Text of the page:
This week the New York Times’ Retro Report detailed the story of the only CIA-affiliated person convicted for torture since 9/11, a contractor named David Passaro. He served six years in federal prison after beating Abdul Wali, a detainee in Afghanistan who then died. The exact cause of death is unknown since an autopsy was never conducted.
Passaro had no experience conducting interrogations and was known for his hot temper. Nonetheless he was put in charge of interrogating Wali, a farmer who voluntarily came to the military base to clear his name after hearing he was suspected of firing rockets on the base. Passaro beat Wali for two days, hitting him with his fists and a heavy flashlight and kicking him in the groin. At one point, according to prosecutors, Wali begged to be shot. A day later, he died.
Passaro, now released from prison, views himself as a scapegoat for the administration’s official policy of brutality. The message that “the gloves were off” came from the top down. “I wasn’t hired to be nice to these terrorists,” Passaro said. His indictment came two months after photos depicting detainee abuse at Abu Ghraib prison were publicly released. “They had to show they were going to hold the C.I.A. accountable, so they had me.”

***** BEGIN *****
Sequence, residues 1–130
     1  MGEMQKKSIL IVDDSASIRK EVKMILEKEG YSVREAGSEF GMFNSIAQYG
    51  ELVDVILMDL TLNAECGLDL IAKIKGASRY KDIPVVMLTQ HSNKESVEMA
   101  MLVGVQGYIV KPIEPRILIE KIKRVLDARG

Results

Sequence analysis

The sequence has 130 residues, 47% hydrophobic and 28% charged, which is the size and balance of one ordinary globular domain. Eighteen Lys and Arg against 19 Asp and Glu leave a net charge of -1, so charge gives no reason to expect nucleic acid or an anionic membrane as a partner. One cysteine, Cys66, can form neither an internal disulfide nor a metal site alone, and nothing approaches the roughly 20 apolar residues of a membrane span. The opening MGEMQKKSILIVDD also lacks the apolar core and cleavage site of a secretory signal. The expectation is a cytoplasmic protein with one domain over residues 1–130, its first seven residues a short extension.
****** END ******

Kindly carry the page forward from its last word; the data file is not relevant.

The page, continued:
Passaro may be right about that. The executive summary of the Senate Select Committee on Intelligence’s (SSCI) report on detainee treatment shows Passaro’s actions were anything but unique. Detainees were not only waterboarded, but viciously beaten, chained to the ceiling for days on end, sexually assaulted, and killed.
Torture defenders maintain that the “enhanced interrogation techniques” were authorized. But some of the authorized techniques met the legal definition of torture. As Alberto Mora told the Times, the government “disfigured” the definition of torture. And even John Yoo, former Deputy Assistant U.S. Attorney General in the Office of Legal Counsel and author of the “torture memos,” said that some of the treatment described in the report exceeded what was authorized.
While the CIA misled Congress and the administration about some of its methods, it was the administration’s embrace of torture that opened the door to brutality even worse than the authorized techniques. That’s why we need legislation to solidify the ban on torture and prevent the use of loophole lawyering to authorize it.
Senator Dianne Feinstein is expected to announce such legislation in the near future. It presents an opportunity for the United States to make sure that torture never again becomes official policy or maintains the slightest shred of legitimacy.